Rory Gallagher was also growing increasingly frustrated at not being able to capture the energy of his live shows in the studio. During one session, he threatened to “chuck the tapes in the dustbin”. It was no ideal threat – he would go on to shelve whole albums in the future.

“He was a live performer,” said keyboard player Lou Martin. “He didn’t like the studio because he was playing to the walls and wasn’t getting any feedback from the audience. But he had to do the albums for the record company.” But  onstage, it was another matter entirely, and Gallagher understandably jumped at the chance to record another live album. But this one would be different: it would be recorded in Ireland. Although his previous live album Live In Europe has a more raw, one-take sound, Irish Tour ‘74 showcases Rory’s growth as a songwriter and shines where he explores his then-most recent studio album, the very musically varied Tattoo. Opener Who’s That Coming, Tattoo’d Lady and the lengthy, looser version of A Million Miles Away show a man who’s enjoying his talent to the fullest musically.

“We were one of the only bands to play Belfast,” says Lou Martin proudly. “Thin Lizzy were not doing it because of the aggravation. But Rory insisted on it. I was from Belfast, Gerry was from Belfast and there was co-operation from ‘The Organisation’ to make sure the concerts went OK.”. “We were taken care of very well,” said drummer Rod de’Ath. “The hotels that we stayed at were carefully chosen, without going into too much detail.” (Neither man was willing to go into more detail about ‘The Organisation’, though we can presume that they’re not talking about the British government).

The resulting album, “Irish Tour ’74”, remains the highlight of Gallagher’s career. Recorded in Belfast, Dublin and Cork, it finally nailed his live performances on vinyl. While the sound quality is variable – partly due to the fact that they couldn’t get insurance for Ronnie Lane’s Mobile Studios in the more troubled areas – the album never loses its primal, raw urgency. It’s the sound of a band leaning out over the precipice – something Gallagher deliberately encouraged, making up the show as he went along.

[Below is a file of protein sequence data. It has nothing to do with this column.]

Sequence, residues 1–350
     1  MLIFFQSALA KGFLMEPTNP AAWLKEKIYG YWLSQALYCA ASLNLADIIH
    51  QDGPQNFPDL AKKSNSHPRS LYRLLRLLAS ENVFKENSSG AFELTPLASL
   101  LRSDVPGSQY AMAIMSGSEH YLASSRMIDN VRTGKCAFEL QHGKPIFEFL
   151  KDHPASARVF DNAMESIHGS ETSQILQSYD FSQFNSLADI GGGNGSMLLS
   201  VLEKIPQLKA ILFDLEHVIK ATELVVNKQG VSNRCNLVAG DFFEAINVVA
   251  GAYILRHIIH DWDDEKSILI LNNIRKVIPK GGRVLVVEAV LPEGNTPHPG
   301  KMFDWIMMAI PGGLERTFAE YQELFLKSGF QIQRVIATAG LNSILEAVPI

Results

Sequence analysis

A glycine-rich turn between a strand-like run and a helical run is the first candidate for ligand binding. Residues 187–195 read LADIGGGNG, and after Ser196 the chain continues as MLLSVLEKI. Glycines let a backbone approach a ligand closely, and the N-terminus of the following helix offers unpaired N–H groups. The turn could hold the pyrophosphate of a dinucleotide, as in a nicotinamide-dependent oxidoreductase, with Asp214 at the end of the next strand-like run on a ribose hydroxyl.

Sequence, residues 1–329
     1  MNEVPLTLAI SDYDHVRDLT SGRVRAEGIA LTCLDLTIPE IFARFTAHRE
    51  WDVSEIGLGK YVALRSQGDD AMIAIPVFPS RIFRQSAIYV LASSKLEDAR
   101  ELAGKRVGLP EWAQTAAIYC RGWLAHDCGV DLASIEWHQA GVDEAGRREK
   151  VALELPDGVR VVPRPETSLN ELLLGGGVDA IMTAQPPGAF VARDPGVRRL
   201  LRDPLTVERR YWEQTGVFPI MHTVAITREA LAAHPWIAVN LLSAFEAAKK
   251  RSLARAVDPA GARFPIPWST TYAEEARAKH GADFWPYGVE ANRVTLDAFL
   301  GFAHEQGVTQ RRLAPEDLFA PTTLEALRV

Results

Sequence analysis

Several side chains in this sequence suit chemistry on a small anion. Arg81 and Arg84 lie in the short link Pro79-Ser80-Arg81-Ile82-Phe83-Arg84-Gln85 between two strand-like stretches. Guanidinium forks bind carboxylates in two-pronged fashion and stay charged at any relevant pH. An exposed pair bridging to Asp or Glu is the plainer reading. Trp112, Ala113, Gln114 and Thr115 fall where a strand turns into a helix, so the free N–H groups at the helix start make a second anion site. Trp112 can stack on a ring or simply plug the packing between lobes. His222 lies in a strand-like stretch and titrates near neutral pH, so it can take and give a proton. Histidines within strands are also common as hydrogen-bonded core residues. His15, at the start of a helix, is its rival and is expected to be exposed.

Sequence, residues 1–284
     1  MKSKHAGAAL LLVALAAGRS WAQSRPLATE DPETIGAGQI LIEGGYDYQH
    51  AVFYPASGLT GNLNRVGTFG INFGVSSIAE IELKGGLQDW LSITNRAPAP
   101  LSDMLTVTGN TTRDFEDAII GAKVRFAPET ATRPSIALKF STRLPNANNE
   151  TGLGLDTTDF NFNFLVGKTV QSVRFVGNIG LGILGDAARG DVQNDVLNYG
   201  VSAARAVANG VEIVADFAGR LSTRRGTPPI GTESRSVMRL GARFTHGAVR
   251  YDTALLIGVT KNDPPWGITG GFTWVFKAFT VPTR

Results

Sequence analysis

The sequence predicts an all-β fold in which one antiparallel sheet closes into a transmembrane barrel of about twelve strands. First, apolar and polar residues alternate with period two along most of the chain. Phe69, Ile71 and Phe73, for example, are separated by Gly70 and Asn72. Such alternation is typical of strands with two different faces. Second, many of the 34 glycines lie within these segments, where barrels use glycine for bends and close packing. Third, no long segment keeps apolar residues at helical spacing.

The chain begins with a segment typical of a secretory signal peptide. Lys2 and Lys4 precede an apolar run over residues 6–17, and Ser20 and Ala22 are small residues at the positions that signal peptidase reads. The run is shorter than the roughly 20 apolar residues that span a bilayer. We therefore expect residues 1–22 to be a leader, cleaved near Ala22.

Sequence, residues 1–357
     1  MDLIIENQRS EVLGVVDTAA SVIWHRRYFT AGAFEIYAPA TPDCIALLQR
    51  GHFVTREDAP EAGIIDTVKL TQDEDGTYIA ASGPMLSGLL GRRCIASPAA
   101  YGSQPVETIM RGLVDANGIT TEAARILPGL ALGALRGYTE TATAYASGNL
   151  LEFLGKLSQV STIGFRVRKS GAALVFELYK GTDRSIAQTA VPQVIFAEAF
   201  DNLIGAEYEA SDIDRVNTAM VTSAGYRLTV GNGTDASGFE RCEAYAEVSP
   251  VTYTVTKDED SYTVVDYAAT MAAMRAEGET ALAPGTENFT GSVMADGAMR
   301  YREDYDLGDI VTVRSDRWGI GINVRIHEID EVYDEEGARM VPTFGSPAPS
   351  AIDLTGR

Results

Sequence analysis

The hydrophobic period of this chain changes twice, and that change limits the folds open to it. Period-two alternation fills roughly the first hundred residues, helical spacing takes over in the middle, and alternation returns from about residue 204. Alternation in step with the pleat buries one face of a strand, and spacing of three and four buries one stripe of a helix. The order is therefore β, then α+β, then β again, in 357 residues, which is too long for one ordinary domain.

A DVD of Tony Palmer’s eyewitness film, “Irish Tour ’74”, captures the soft-spoken Gallagher defying the bloodshed in Belfast, determined to play for fans on both sides of the Troubles with no guns drawn except for the one in Blind Boy Fuller’s “Pistol Slapped Blues.” The 40th anniversary expanded deluxe edition release of one of Rory Gallagher’s most celebrated recordings. The most expansive edition to date, of this landmark album.  Featured for the first time on record, all three shows.  Packaged in a special deluxe edition 8 cd, 10” boxset and including previously unreleased tracks, remastered audio, photos, extensive liner notes, feature length documentary, memorabilia and more.

rory box set

“Irish Tour captures some of his finest known live recordings and, while it’s impossible to tell which songs were recorded where, across nine in-concert recordings (plus one after-hours jam session, Back on My Stompin’ Ground), the energy crackling from stage to stalls and back again packs an intensity that few live albums – Gallagher’s others among them – can match.” (AllMusic)

“Unlike many other of his contemporaries, he lived long enough to see his legacy and influence take hold and flourish in the musical world. This display of one man’s ability to unite a people and a country in turmoil through his music is an essential listen for all rock fans, young and old, and is a crucial part of Irish musical history as well as the very legacy of blues rock.” (Sputnik Music)

“From the moment the music starts, Rory Gallagher: Irish Tour ’74 more than justifies itself. Gallagher played like his guitar was plugged straight into the universal source, and it probably was. That Gallagher was on his home turf for this tour only increases the sense of some sort of direct connection with his sound. Every note played, every string struck and every song sung vibrates with all the passion and intensity of a spiritual experience, which this surely was.” (Pop Matters)